If attaching a UK right of abode to BNO status is considered to be a ‘supplementary’ or ‘consequential provision’ appearing to be ‘necessary or expedient’, then it could be done by Order. Attaching a UK right of abode to a form of British nationality may properly be described as supplementary or consequential. A form of nationality without the right freely to enter into the country of nationality is a defective form of nationality. Indeed, for many such a form lacks the essential attribute to be a nationality at all. As to whether such provision is necessary or expedient, that is a matter for Her Majesty (i.e. the UK Government) to judge.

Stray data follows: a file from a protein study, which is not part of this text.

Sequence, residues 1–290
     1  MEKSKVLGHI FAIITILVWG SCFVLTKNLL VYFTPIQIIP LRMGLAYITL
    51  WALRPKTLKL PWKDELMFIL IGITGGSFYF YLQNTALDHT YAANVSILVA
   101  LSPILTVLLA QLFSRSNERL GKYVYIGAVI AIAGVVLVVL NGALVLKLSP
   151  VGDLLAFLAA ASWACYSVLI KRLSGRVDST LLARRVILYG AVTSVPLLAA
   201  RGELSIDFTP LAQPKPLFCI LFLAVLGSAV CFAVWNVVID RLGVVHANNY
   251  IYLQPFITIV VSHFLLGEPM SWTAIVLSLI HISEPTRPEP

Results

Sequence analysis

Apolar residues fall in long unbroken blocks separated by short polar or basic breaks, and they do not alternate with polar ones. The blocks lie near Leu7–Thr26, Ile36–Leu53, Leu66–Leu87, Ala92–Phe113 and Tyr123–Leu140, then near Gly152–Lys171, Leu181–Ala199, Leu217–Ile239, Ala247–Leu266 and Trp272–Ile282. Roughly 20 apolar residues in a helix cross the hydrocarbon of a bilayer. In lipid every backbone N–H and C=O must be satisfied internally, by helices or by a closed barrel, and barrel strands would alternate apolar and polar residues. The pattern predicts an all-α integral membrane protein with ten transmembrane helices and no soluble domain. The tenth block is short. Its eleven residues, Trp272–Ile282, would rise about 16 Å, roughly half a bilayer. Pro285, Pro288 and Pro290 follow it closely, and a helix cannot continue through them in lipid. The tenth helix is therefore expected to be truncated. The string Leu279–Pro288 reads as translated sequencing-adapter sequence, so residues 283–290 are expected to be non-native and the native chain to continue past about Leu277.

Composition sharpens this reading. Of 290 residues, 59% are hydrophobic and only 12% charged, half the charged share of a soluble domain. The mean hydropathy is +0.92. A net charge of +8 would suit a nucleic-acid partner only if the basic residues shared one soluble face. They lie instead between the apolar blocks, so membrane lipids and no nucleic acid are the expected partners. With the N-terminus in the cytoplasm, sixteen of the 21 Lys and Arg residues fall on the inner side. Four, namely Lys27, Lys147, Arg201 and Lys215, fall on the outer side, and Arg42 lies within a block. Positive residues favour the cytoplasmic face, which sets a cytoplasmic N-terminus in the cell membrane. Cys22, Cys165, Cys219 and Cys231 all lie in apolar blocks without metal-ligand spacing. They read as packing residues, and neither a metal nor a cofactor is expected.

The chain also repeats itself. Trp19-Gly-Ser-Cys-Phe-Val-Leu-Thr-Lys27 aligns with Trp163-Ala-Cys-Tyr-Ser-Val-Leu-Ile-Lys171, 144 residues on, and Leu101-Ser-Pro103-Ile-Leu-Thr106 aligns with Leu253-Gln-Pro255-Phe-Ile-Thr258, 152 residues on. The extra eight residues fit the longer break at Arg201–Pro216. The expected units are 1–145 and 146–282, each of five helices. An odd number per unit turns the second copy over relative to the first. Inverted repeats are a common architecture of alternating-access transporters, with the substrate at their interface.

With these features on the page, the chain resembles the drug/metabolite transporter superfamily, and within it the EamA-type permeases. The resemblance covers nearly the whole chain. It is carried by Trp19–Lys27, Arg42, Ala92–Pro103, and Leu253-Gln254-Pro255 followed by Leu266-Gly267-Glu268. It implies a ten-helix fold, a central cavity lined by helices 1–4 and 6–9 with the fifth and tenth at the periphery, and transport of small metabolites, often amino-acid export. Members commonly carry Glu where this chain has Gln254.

Using such a process would enable the UK Government to act quickly and avoid having to take primary legislation through Parliament. Thus, were a political crisis in Hong Kong to necessitate drastic action, conferral of a UK right of abode by Order could provide the solution, notwithstanding that a draft of such an Order requires approval by a resolution of each House of Parliament. Further, such a solution would be a far more powerful response than merely creating immigration routes for BNOs to reside and settle in the UK. It would also be properly respectful of their status as British nationals.